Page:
Philip McLaughlan, managing director of brand promotions firm PPAG, recently came to the crossroads that many small Irish companies are finding themselves at these days. “We rely heavily on IT and trade online with the Far East. If our systems fall down it means we could miss a shipping deadline. If we miss a shipping deadline by a day it means it could be another week before merchandise gets here.
“However, we are a small company with 14 people who at one level or another are involved in sales or other revenue-generating activities and we don’t think the size of our company justifies employing a 15th person as an IT manager,” says McLaughlan.
McLaughlan’s predicament is typical of many small Irish companies who are reliant on IT to keep the wheels of their business in motion but don’t see the merit of having to employ an in-house IT manager, adding substantially to the payroll.
The idea of outsourcing IT to a provider that would maintain a firm’s network remotely and allow the business to focus its resources on core activities is not new but one that small firms until recently believed was an option open only to larger businesses.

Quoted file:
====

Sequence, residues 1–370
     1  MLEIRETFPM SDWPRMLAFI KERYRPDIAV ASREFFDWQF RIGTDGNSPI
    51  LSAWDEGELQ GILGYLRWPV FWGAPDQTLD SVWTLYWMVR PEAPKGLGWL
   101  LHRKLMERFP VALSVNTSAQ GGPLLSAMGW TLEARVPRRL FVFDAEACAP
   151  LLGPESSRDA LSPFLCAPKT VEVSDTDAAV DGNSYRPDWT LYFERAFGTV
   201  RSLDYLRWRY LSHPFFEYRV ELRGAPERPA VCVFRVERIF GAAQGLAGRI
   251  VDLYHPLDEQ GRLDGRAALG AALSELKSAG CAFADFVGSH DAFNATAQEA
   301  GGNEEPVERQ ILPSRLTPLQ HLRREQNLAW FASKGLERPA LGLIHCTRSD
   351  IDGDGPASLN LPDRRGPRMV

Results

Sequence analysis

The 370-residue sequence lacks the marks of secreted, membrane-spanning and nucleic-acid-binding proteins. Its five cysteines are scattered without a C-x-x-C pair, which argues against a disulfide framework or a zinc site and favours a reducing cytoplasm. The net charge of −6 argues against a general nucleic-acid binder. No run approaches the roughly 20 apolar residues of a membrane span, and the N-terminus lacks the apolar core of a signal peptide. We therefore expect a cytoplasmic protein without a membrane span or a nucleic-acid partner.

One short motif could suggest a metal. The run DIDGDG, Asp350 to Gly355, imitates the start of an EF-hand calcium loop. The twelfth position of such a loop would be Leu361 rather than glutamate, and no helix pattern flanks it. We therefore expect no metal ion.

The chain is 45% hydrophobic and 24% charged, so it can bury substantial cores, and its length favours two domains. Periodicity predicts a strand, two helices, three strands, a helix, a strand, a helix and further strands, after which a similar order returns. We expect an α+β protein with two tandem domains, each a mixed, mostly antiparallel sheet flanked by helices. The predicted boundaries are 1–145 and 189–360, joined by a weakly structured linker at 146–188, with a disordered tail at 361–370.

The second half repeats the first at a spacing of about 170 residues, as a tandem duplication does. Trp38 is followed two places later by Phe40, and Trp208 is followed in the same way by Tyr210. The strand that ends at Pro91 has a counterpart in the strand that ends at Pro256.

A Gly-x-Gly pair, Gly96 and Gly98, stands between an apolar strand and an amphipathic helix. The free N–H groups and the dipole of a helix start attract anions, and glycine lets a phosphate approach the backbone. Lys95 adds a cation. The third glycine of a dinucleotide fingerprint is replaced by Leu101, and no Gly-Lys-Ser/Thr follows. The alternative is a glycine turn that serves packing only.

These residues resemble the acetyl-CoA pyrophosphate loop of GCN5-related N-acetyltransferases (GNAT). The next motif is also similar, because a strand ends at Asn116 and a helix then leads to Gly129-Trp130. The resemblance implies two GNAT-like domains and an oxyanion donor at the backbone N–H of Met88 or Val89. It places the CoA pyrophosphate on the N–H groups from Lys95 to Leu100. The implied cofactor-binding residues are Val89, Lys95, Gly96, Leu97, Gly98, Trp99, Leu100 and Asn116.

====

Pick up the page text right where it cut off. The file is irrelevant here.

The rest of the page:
However, with more companies on broadband and better technologies available to remotely manage networks, it is expected that the 17,000 small and medium-sized enterprises (SMEs) in Ireland present an IT outsourcing market worth potentially €105m a year.
Until recently there were few options open to small businesses. Usually the task of keeping the company online or fixing printer problems fell to someone in the company with a dubious knowledge of technology. Otherwise it was a case of waiting hours or days for a service provider to send over a technician.
PPAG, a firm specialising in brand promotions, was established in 1991 and focuses on providing corporate gifts, sales promotion and loyalty schemes. In recent months the company struck a deal with IT provider Qualcom Systems to use QualCom’s virtual IT manager service, which gives firms an alternative to an in-house IT professional
McLaughlan explains: “Our IT system was a typical Irish small business installation — a mishmash of different computers and brands with no clear strategy in mind. If we needed another computer we just went and bought one. In the past that was okay because there was always someone who new something about fixing a problem. However, today IT is much more complicated and the demands on IT from business at all levels is equally as heavy.